of the Full Moon Holiday.

On one occasion, the chanting was followed by a guided meditation on metta and karuna, loving
kindness and compassion, led by Nilambe’s new guru, Upul Gamage, a young lay leader and student
of Godwin Samararatne. In the dark room lit only by the candles at the altar, we were asked to focus
our meditations on spreading peace and goodwill, radiating kindness over the entire world, and an
end to suffering everywhere. I thought perhaps it would be better to begin our compassion
meditation by reading the newspapers together or the latest human rights reports, so that we might
focus our meditations with some specificity on the disappearances and murders, the terrorist
bombings, the poor young men forced into military service by poverty, the child-soldiers forced into
war by the LTTE, the on-going attacks on journalists by government thugs, the war raging in the

North with its daily air strikes, the families whose mothers were compelled by poverty to work as
domestic laborers in the Middle East, the one million internally displace persons, some who have
been in refugee camps for twenty years, the already miserable prisons overflowing, the violence of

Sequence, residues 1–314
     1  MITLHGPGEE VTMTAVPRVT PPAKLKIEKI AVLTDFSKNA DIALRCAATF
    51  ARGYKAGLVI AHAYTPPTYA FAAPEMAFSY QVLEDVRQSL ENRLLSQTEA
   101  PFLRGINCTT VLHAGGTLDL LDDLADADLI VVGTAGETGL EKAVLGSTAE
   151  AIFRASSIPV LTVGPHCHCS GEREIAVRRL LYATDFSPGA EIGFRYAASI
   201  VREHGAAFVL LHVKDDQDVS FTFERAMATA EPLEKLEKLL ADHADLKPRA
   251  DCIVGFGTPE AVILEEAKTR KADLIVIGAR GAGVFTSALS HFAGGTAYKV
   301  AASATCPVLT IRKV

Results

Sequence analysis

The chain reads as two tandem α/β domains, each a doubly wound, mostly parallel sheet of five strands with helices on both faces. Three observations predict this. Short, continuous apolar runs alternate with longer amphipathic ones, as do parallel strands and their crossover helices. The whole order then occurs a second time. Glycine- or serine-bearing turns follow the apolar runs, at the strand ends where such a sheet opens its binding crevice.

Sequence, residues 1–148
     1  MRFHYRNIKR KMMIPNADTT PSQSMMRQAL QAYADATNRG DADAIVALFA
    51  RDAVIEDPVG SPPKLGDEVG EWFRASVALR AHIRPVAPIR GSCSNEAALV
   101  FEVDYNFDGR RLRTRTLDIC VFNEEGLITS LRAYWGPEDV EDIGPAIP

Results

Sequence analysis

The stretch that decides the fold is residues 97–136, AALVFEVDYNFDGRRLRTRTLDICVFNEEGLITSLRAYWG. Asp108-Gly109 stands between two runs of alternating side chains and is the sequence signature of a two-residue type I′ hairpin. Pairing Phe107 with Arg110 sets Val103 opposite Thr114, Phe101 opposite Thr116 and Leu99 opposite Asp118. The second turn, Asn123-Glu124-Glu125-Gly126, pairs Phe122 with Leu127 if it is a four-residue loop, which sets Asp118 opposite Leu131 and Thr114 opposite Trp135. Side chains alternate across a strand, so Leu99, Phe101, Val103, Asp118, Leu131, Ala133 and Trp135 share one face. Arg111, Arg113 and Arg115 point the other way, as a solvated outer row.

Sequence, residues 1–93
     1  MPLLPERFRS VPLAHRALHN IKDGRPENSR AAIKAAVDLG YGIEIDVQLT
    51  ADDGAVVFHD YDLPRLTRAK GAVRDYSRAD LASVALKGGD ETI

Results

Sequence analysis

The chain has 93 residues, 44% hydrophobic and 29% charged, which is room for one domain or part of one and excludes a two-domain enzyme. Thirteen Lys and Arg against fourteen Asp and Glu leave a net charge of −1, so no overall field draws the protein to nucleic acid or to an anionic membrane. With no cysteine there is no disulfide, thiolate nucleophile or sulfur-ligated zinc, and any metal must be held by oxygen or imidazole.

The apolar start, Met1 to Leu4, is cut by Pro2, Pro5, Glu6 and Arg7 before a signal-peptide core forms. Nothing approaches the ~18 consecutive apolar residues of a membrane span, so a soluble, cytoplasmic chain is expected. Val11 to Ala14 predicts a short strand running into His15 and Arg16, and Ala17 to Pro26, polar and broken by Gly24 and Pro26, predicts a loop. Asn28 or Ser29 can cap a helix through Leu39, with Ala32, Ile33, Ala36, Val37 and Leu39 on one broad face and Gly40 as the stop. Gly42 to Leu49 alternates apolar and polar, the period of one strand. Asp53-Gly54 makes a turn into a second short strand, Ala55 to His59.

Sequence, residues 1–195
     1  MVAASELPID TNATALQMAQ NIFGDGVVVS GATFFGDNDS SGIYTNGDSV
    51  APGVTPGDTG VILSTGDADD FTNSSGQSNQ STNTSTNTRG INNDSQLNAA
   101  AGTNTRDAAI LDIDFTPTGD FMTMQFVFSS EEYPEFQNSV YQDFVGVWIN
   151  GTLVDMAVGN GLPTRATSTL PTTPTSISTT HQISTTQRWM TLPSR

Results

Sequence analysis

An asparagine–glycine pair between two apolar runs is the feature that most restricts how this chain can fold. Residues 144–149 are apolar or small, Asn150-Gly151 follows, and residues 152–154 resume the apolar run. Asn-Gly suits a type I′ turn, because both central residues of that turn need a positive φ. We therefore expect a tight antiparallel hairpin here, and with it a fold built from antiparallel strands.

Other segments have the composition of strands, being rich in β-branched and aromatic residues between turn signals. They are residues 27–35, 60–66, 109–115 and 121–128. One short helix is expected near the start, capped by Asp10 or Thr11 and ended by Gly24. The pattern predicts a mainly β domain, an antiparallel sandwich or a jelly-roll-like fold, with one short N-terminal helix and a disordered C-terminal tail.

the growing underworld, the high rates of alcoholism, drug addiction, and suicides, the inflation
eating away at the already meager income of most of the residents of this country, the steady erosion
of the rule of law, and the unmistakable movement towards dictatorship. And that is just in Sri
Lanka. I had a whole world of violence, injustice, and misery left to account for in my meditations. I
remembered a poem by Walt Whitman:

I sit and look out upon all the sorrows of the world,
and upon all oppression and shame…
All these -- all the meanness and agony without end I sitting look out upon,
See, hear, and am silent.

Perhaps mindful silence and compassionate concern can be transformative. I also pray to God-by-
whatever-name, but I am not sure that is anymore effective. I pray to a personal/impersonal
God/Universe, whatever you want to call it. I find this more satisfying than simply meditating on a
transitory existence. Of course, though it technically is contrary to the Theravada canon, most
Buddhists also pray to Lord Buddha, to a kind of superhuman person who cares and pays attention,
wants the best for each of us, who can maybe provide some special grace to help us better cope, to be
better people, to simply survive. At every hour of the day, lay people can be found making pooja at
Buddhist temples all around Sri Lanka, seeking divine assistance in difficult times.

                                              “The view from my house in Kandy.” –
                                              Dr. Grassie


I walked the meditation hall, back and forth. On one side was the shrine of the Buddha. In the other